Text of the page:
BIM, What Is It?
BIM or Building Information Modelling is a process for creating and managing information on a construction project across the project lifecycle. One of the key outputs of this process is the Building Information Model, the digital description of every aspect of the built asset. This model draws on information assembled collaboratively and updated at key stages of a project. Creating a digital Building Information Model enables those who interact with the building to optimize their actions, resulting in a greater whole life value for the asset.
Through BIM, the UK construction industry is undergoing its very own digital revolution. BIM is a way of working. BIM is information modelling and information management in a team environment, all team members should be working to the same standards as one another. BIM creates value from the combined efforts of people, process and technology.
BIM brings together all of the information about every component of a building (BIM Objects), in one place. BIM makes it possible for anyone to access that information for any purpose, e.g. to integrate different aspects of the design more effectively. In this way, the risk of mistakes or discrepancies is reduced, and abortive costs minimized.
BIM data can be used to illustrate the entire building life-cycle, from inception and design to demolition and materials reuse. Spaces, systems, products and sequences can be shown in relative scale to each other and, in turn, relative to the entire project. And by signalling conflict detection BIM prevents errors creeping in at the various stages of development/ construction.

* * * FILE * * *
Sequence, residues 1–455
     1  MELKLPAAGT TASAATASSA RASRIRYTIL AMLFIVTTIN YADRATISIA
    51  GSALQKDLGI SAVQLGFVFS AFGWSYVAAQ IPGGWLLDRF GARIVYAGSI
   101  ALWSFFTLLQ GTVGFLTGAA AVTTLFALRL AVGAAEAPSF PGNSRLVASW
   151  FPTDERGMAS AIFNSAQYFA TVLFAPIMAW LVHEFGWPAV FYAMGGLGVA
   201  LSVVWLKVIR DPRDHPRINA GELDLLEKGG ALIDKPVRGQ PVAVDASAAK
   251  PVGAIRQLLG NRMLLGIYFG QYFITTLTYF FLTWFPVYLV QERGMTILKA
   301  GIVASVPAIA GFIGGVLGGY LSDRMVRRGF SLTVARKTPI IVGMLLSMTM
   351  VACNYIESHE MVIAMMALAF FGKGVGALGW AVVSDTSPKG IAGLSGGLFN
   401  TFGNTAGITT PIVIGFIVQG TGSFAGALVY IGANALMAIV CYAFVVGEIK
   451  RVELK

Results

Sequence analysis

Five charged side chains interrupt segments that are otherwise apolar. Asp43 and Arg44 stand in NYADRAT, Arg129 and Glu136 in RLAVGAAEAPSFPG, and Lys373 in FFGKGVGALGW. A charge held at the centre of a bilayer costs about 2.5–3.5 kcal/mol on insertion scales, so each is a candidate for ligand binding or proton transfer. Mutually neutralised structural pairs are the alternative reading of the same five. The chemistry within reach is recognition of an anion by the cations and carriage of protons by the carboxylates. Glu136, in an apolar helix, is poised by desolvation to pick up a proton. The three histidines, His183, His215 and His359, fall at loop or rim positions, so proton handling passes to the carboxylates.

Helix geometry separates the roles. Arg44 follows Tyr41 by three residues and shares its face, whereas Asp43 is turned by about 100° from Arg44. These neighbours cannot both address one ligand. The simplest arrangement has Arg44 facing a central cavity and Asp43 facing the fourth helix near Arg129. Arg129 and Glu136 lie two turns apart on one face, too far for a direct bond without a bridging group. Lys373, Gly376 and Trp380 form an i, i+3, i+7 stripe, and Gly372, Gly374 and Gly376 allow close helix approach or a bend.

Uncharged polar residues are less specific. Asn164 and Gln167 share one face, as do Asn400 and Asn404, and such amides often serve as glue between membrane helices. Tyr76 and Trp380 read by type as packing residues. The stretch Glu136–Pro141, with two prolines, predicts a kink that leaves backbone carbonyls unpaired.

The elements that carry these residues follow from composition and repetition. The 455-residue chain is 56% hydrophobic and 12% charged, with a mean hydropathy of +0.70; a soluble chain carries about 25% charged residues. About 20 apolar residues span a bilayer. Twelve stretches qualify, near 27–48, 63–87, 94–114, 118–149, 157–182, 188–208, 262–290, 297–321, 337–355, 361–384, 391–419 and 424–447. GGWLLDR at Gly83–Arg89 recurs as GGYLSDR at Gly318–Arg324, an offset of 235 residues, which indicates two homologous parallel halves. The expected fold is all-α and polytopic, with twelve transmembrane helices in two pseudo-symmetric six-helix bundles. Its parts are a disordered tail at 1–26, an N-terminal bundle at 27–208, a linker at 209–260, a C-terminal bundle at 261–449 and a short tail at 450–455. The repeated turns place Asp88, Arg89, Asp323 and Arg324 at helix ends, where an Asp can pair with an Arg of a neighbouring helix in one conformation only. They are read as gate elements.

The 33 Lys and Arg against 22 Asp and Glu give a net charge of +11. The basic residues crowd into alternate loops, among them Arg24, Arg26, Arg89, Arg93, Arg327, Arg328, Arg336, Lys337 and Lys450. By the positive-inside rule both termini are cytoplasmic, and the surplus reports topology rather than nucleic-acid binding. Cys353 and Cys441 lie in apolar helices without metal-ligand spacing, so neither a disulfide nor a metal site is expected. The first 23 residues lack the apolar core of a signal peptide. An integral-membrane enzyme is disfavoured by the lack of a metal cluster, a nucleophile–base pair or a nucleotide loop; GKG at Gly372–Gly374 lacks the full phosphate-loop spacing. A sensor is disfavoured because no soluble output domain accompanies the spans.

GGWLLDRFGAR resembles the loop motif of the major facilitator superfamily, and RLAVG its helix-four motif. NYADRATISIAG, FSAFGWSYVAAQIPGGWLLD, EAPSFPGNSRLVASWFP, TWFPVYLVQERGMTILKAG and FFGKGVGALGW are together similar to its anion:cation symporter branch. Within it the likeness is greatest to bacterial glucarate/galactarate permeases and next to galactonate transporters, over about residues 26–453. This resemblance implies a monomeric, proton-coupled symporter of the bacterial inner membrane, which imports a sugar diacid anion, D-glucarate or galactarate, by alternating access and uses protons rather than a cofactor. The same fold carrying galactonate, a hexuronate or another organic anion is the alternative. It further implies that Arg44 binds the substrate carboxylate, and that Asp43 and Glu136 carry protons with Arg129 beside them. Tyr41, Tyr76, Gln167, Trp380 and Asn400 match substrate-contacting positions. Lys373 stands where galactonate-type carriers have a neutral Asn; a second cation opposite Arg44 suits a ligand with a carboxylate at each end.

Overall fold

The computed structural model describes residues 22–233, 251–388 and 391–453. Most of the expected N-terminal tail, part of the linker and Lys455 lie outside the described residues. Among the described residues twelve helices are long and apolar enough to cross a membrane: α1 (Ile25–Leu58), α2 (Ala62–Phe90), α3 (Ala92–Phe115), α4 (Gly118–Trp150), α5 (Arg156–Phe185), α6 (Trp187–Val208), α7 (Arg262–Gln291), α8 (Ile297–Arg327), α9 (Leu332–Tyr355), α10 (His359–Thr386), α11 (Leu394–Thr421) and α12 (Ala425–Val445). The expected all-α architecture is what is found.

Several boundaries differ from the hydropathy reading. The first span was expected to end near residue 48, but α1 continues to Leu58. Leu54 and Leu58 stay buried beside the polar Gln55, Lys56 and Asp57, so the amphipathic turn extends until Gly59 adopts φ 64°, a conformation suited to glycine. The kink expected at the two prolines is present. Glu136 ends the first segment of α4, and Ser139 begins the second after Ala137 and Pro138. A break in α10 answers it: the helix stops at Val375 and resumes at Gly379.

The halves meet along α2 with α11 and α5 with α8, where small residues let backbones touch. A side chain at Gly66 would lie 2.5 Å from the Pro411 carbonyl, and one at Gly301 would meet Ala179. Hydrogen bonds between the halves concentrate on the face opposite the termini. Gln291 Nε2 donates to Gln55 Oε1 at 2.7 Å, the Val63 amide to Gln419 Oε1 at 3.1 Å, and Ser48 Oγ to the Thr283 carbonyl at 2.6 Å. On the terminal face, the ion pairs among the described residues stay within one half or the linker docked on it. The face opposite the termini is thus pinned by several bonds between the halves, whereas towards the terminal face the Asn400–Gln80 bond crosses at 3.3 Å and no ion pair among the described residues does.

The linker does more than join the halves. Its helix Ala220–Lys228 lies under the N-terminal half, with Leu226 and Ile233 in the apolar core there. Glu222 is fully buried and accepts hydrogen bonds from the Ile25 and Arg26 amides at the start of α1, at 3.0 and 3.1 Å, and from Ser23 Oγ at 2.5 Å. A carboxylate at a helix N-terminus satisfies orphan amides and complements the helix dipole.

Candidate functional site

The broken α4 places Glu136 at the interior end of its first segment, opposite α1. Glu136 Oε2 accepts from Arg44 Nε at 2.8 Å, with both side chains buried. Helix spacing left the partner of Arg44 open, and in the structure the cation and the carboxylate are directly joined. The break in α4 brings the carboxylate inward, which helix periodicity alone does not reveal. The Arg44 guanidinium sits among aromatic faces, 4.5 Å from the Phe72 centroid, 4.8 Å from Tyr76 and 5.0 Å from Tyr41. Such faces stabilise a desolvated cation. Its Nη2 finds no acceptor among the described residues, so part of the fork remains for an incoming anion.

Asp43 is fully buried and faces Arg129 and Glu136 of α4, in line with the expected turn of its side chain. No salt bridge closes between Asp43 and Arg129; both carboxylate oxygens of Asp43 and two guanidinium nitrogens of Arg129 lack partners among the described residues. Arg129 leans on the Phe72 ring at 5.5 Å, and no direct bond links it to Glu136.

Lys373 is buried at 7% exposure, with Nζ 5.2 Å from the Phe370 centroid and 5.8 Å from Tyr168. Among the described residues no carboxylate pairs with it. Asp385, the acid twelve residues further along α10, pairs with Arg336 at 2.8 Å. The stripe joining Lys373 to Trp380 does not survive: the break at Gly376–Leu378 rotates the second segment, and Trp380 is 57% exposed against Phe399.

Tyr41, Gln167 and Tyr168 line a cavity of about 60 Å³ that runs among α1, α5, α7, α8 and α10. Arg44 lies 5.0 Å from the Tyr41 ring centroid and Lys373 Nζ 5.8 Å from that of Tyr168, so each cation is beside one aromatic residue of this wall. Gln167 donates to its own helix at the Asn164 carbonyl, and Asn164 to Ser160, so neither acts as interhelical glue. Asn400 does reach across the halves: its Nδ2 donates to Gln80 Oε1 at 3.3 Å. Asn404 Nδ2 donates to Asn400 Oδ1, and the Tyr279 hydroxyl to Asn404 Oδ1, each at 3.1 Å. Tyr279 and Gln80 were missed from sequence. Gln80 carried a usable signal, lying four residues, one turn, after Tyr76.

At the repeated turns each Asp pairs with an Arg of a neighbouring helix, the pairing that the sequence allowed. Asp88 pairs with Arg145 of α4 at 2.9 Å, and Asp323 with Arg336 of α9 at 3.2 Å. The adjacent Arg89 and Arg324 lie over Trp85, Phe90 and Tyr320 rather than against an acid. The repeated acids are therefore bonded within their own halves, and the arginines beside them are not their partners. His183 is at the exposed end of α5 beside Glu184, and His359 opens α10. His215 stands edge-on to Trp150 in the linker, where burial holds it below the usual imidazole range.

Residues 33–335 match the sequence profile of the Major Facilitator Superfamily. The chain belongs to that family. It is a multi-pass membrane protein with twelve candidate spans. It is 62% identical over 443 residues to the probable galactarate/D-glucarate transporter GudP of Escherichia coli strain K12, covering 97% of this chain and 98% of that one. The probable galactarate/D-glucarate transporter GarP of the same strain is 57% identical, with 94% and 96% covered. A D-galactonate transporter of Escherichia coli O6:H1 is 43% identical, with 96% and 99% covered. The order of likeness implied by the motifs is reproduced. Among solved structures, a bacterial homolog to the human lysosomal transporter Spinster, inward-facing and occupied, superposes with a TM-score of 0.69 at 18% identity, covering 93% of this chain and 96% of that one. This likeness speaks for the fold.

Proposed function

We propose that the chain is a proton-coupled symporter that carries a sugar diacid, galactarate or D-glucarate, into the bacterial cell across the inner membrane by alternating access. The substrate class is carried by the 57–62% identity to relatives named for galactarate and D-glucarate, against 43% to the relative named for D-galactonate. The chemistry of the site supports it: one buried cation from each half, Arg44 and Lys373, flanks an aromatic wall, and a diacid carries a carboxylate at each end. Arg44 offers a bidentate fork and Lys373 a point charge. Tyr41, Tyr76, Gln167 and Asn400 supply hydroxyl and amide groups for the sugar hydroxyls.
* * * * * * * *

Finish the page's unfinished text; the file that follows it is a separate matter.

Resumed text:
Why is BIM Important
The Government’s Industrial Strategy, published in early 2013, states that £40 billion of public money is spent on Centrally Funded Public buildings, every year. From this, millions of pounds are lost through poor integration and not learning from past mistakes. The strategy suggests that:
- 30% of the construction process is rework
- 60% of the labour effort is wasted
- 10% loss is due to wasted materials
- 3-5% of the construction turnover is wasted due to loss of interoperability.
It follows that construction information is, therefore, often:
Using BIM, By 2025, Government is aiming to maximise efficiency in the construction industry through legislation and best practices aimed at:
- Lowering costs
- Speeding delivery
- Lowering emissions
- Increasing exports.
What Is A BIM Object?
A BIM object is a combination of many things:
- Information content that defines a product
- Product properties, such as thermal performance
- Geometry representing the product’s physical characteristics
- Visualisation data giving the object a recognisable appearance
- Functional data, such as detection zones, that enables the object to be positioned and behave in the same manner as the product itself.
Firstly, in order to fit within the BIM process our product information has been transformed into smart data. Data that is easily searchable and easy to filter. Data that anyone can understand, data that machines and software can read. Having our product data in BIM means that anyone who uses our data benefits from its seamless flow along the construction supply chain.
Secondly, our product data is standardized. The standardization of data leads to the standardization of work. Our data is consistently structured, so that anyone can find whatever they need within our data repository. So that you can export different types of data to the different entities who require it.
Thirdly, our BIM product data is interoperable. That means that it needs to be shareable in multiple formats, multiple languages and along different software tools that are widely used by the construction industry. That also means that it has to be interlinked and the relationships between products and their properties need to transfer as well.
Why Choose Challis BIM Products
All our primary products have now been BIMed or transfomred into BIM smart data now available for quick and easy download straight into your specification. Click Here